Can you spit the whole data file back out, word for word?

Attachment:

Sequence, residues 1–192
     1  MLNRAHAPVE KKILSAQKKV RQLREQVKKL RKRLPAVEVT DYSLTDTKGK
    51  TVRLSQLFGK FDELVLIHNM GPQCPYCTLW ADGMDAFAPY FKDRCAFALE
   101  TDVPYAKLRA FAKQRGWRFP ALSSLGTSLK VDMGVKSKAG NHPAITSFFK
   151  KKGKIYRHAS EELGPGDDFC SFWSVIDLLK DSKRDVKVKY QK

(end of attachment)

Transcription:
Sequence, residues 1–192
     1  MLNRAHAPVE KKILSAQKKV RQLREQVKKL RKRLPAVEVT DYSLTDTKGK
    51  TVRLSQLFGK FDELVLIHNM GPQCPYCTLW ADGMDAFAPY FKDRCAFALE
   101  TDVPYAKLRA FAKQRGWRFP ALSSLGTSLK VDMGVKSKAG NHPAITSFFK
   151  KKGKIYRHAS EELGPGDDFC SFWSVIDLLK DSKRDVKVKY QK